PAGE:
A Complete History of the Great American Rebellion: Embracing Its Causes, Events and Consequences, with Biographical Sketches and Portraits of Its Principal Actors ...
Auburn Publishing Company, 1865
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advance arms army artillery attack attempt authority batteries battle bill boats bridge brigade called camp carried cause Colonel command companies Congress Constitution contest continued directed division early effect enemy enemy's engaged entire Federal fell field fight fire five flag fleet force formed fort forward four front Government Governor guns hands heavy held hour House hundred immediately important Island killed land loss Major ment miles military Missouri morning moved movement night North o'clock occupied officers once opened opposite passed position President prisoners question reached rebel received regiments resolution respect result retreat returned river road Senate sent shell shot side slavery slaves soon South Southern strong success surrender taken territory thousand tion troops twenty Union United Virginia vote whole woods wounded
Seite 35 - The whole commerce between master and slave is a perpetual exercise of the most boisterous passions, the most unremitting despotism on the one part, and degrading submissions on the other.
Seite 40 - There shall be neither slavery nor involuntary servitude in the said territory, otherwise than in the punishment of crimes, whereof the party shall have been duly convicted : Provided always, That any person escaping into the same, from whom labor or service is lawfully claimed in any one of the original States, such fugitive may be lawfully reclaimed, and conveyed to the person claiming his or her labor or service as aforesaid.
Seite 172 - I deem it proper to say that the first service assigned to the forces hereby called forth, will probably be to repossess the forts, places, and property which have been seized from the Union ; and in every event the utmost care will be observed, consistently with the objects aforesaid, to avoid any devastation, any destruction of, or interference with, property, or any disturbance of peaceful citizens of any part of the country...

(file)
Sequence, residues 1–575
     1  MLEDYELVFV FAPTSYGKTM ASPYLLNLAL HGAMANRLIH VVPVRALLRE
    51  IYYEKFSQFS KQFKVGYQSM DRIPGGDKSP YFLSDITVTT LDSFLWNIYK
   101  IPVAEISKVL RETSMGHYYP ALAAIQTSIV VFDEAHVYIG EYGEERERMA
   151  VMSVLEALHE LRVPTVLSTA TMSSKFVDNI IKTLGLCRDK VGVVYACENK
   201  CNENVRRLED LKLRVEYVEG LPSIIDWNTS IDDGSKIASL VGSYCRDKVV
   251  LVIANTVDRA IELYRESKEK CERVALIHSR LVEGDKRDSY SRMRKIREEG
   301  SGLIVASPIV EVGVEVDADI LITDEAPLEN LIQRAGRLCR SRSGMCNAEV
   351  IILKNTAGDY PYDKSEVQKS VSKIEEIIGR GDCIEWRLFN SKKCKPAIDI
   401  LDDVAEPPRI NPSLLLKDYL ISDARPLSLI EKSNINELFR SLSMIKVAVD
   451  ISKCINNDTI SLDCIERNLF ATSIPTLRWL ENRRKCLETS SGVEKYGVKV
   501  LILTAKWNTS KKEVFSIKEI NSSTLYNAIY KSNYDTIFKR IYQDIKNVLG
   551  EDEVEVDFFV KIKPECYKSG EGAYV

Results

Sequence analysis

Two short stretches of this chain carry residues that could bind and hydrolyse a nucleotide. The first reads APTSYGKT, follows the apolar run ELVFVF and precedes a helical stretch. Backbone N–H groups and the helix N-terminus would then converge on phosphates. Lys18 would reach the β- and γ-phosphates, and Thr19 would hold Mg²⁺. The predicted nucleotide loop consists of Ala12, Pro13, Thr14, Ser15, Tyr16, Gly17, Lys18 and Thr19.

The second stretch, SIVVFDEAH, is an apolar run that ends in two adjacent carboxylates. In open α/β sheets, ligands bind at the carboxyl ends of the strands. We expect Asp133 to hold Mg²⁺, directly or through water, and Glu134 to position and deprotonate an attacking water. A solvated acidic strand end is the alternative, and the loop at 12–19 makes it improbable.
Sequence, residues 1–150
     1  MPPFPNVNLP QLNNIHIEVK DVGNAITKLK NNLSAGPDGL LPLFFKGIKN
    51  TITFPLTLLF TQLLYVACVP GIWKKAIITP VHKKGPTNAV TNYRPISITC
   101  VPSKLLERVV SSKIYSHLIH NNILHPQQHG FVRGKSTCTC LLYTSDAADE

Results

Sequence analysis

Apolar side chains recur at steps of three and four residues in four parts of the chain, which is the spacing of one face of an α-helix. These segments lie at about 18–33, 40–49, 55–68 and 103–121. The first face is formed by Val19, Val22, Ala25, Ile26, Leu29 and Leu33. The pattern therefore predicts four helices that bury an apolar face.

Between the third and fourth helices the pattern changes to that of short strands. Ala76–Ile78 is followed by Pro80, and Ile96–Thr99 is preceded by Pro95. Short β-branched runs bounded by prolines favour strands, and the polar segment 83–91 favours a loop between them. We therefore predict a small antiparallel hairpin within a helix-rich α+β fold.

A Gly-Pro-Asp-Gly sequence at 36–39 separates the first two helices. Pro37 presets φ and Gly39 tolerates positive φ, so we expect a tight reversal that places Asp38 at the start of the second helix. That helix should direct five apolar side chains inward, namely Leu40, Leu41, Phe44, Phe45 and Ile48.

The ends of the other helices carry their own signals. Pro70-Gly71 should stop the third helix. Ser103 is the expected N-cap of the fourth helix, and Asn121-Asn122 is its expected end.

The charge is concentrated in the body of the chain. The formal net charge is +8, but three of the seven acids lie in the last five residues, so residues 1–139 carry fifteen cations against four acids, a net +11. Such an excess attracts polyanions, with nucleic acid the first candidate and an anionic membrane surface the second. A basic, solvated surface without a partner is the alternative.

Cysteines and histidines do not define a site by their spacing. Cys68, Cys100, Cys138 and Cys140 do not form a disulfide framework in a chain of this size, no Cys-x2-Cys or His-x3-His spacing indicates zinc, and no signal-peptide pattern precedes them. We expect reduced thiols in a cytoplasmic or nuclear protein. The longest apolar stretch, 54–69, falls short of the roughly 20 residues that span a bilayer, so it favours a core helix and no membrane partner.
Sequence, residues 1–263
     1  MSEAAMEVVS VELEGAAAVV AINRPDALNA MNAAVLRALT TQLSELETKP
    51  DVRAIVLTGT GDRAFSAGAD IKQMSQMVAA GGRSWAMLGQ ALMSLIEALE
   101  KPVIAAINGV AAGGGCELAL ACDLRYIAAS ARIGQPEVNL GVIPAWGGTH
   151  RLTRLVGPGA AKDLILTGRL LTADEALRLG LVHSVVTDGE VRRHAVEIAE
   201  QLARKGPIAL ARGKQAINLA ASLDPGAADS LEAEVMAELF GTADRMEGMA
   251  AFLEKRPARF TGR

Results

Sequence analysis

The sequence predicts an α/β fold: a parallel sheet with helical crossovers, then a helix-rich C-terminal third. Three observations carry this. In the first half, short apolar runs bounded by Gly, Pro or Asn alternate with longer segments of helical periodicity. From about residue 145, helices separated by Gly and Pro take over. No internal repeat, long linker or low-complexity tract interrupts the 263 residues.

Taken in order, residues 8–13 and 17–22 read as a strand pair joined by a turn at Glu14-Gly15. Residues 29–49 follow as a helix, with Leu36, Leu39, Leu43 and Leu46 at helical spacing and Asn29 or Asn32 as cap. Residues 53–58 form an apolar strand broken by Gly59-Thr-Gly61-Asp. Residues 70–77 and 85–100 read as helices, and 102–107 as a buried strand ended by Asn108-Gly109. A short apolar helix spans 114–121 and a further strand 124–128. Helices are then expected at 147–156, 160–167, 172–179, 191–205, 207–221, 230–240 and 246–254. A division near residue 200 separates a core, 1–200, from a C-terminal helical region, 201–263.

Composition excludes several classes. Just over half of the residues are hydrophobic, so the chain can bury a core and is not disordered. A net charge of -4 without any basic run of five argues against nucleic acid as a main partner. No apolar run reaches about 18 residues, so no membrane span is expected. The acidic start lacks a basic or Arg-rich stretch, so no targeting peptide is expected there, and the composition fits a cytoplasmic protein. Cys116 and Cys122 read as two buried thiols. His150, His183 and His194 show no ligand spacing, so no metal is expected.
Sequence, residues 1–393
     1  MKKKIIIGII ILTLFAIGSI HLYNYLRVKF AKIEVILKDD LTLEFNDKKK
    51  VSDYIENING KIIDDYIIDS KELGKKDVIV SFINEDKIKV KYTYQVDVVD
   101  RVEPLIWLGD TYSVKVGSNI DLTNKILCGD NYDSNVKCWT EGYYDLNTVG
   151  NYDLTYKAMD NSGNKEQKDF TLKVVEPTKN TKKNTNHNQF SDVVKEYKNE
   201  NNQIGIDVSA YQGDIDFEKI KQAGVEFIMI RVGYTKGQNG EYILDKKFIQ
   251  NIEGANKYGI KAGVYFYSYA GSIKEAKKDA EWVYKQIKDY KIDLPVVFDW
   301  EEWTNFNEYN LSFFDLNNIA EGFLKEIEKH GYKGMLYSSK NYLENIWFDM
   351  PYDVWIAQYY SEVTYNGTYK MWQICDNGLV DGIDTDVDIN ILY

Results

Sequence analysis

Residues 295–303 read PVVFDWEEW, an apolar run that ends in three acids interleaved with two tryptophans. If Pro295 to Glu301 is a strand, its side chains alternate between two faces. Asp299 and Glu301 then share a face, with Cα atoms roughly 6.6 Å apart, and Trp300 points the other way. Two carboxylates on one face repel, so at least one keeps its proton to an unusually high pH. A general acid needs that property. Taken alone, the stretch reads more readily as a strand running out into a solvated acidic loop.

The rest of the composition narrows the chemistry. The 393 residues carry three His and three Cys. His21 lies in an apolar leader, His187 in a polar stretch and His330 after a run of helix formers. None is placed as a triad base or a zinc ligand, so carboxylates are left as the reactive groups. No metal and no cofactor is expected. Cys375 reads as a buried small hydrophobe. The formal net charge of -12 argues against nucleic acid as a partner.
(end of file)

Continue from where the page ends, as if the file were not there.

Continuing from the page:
Seite 75 - ... limited by the plain sense and intention of the instrument constituting that compact; as no further valid than they are authorized by the grants enumerated in that compact; and that, in case of a deliberate, palpable, and dangerous exercise of other powers not granted by the said compact, the states, who are parties thereto, have the right and are in duty bound to interpose for arresting the progress of the evil, and for maintaining within their respective limits the authorities, rights, and...
Seite 78 - the Constitution and the laws of the United States, made in pursuance thereof, shall be the supreme law of the land, anything in the Constitution or laws of any State to the contrary notwithstanding.
Seite 23 - I thank God, there are no free schools nor printing, and I hope we shall not have these hundred years; for learning has brought disobedience, and heresy, and sects into the world, and printing has divulged them, and libels against the best government. God keep us from both!
Seite 526 - That the 22d day of February, 1862, be the day for a general movement of the land and naval forces of the United States against the insurgent forces.
Seite 121 - March 6, 1820,) which, being inconsistent with the principle of non-intervention by Congress with slavery in the States and Territories — as recognized by the legislation of 1850, commonly called the Compromise Measures — is hereby declared inoperative and void; it being the true intent and meaning of this act not to legislate slavery into any Territory or State, nor to exclude it therefrom, but to leave the people thereof perfectly free to form and regulate their domestic institutions in their...
Seite 315 - The property, real and personal, of all persons in the State of Missouri who shall take up arms against the United States, or shall be directly proven to have taken active part with their enemies in the field, is declared to be confiscated to the public use, and their slaves, if any they have, are hereby declared free men.
Seite 568 - Now it is insisted that Congress, and not the Executive, is vested with this power. But the Constitution itself is silent as to which, or who, is to exercise the power ; and as the provision was plainly made for a dangerous emergency, it cannot be believed the framers of the instrument intended that, in every case, the danger should run its course, until Congress could be called together; the very assembling of which might be prevented, as was intended in this case, by the rebellion.